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A CSS parser, transformer, and minifier written in Rust


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This release includes several features and improvements for the custom visitor API, including support for defining how to parse custom at rules. In addition, lots of bug fixes are included for auto prefixing, selector downleveling, and more.

Custom at-rules

When Lightning CSS does not know how to parse an unknown at rule, it stores the prelude and body as a list of raw tokens. Without a definition for how a rule should be parsed, Lighting CSS doesn't know how to interpret it. Tokens are fine for simple use cases, but if you are building a custom visitor plugin that processes a custom at-rule, and want it to integrate with the rest of CSS, it is useful to define how the rule should be parsed and interpreted. In this release, a new customAtRules option has been added to the API to enable just that.

For example, here is how you could define an @mixin rule which expects a custom identifier as its prelude, and a style-block as its body. This allows nesting declarations and rules just like other at-rules like @media and @supports.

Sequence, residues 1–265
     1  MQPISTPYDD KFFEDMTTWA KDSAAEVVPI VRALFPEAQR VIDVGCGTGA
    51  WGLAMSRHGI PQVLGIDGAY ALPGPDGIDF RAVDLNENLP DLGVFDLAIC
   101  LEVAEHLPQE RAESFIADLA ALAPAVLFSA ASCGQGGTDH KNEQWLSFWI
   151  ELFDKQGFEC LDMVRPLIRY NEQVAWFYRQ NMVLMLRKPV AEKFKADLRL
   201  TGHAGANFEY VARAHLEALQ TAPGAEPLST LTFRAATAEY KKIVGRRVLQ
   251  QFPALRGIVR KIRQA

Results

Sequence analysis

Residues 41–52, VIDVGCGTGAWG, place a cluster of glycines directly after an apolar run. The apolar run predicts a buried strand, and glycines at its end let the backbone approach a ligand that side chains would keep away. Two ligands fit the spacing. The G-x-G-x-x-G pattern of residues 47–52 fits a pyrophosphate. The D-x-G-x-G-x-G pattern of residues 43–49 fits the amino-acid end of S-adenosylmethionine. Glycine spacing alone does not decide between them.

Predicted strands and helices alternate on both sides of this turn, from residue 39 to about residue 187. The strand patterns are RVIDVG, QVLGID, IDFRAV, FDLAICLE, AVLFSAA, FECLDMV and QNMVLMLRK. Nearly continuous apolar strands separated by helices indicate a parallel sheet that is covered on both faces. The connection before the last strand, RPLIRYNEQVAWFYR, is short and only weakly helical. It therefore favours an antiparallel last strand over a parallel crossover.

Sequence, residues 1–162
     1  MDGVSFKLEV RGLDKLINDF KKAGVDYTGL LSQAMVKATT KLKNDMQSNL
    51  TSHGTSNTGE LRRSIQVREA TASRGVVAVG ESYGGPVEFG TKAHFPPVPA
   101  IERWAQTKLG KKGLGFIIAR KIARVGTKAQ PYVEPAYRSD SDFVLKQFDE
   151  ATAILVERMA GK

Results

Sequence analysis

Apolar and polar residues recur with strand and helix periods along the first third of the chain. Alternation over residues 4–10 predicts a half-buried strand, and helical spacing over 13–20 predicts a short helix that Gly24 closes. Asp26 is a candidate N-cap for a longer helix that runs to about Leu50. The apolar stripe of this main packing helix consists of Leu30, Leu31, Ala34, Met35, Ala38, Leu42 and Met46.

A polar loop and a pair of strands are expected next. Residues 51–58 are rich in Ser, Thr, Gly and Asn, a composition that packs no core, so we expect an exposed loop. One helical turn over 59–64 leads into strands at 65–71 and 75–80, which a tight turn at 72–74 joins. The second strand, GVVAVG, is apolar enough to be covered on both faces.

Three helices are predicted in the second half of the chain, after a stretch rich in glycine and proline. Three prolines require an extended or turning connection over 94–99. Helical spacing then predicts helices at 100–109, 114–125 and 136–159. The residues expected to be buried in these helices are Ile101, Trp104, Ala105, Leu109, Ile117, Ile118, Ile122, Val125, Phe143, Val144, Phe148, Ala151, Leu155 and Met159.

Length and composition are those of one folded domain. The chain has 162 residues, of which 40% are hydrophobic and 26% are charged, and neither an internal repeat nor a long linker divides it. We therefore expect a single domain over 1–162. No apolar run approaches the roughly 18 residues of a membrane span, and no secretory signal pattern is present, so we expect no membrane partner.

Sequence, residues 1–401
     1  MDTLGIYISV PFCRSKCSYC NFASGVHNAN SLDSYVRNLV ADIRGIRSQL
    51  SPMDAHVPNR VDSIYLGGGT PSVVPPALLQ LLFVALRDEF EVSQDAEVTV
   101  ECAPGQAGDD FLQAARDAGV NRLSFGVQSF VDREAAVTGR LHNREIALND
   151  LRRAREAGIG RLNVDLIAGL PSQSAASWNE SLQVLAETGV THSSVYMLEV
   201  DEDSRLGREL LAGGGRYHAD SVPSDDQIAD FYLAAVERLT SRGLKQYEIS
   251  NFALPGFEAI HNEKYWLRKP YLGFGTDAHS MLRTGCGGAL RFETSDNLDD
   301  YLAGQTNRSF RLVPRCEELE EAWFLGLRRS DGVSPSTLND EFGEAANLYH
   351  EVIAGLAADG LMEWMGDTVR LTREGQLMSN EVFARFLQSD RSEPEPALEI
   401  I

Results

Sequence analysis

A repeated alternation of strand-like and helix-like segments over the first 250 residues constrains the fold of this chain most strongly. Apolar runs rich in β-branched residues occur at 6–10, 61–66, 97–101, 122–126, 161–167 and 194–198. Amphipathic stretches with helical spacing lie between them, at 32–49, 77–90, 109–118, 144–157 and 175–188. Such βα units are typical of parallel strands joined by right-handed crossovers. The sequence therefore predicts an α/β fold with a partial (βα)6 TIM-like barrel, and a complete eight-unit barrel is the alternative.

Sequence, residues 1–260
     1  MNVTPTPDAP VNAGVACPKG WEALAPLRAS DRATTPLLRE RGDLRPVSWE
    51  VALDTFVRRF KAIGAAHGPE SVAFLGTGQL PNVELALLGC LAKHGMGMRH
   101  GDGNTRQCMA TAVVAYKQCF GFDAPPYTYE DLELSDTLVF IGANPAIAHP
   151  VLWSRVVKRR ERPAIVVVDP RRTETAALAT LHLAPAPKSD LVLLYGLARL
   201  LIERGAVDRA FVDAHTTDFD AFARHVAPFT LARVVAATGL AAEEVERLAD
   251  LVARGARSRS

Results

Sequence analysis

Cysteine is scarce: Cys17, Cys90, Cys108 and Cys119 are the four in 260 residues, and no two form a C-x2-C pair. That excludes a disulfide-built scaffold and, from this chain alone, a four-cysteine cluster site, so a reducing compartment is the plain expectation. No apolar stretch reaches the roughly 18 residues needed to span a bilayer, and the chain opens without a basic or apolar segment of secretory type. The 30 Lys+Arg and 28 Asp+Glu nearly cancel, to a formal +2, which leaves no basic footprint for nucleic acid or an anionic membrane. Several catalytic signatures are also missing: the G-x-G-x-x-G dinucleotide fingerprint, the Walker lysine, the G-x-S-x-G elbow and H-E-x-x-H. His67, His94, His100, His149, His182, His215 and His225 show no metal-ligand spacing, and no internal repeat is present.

{ customAtRules: { mixin: { prelude: '<custom-ident>', body: 'style-block' } } }

With that, you can parse code like this:

@mixin foo { color: red; &.bar { color: green; } }

Lightning CSS also validates the code and will emit syntax errors when it doesn't conform to the syntax definition. Another nice part is that we use this definition to automatically infer the TypeScript types for these rules when used in custom visitors.

<img src="https://user-images.githubusercontent.com/19409/218497162-a0acfb24-6351-4c46-8ff7-1bd20e3c6ff6.jpeg" height="400">

Check out the documentation to learn more!


  • Implement support for parsing custom at rules in JS bindings (#395)
  • Support raw property on returned declarations in visitors (#385)
  • Support raw values in visitors that return tokens (f9ed30f9ed8399d1599a9724eb55ce7e0c0ee8ba)
  • Make more AST properties optional in visitor return types (3fc05a9af629b69b72eaf5371891961d93450a1d)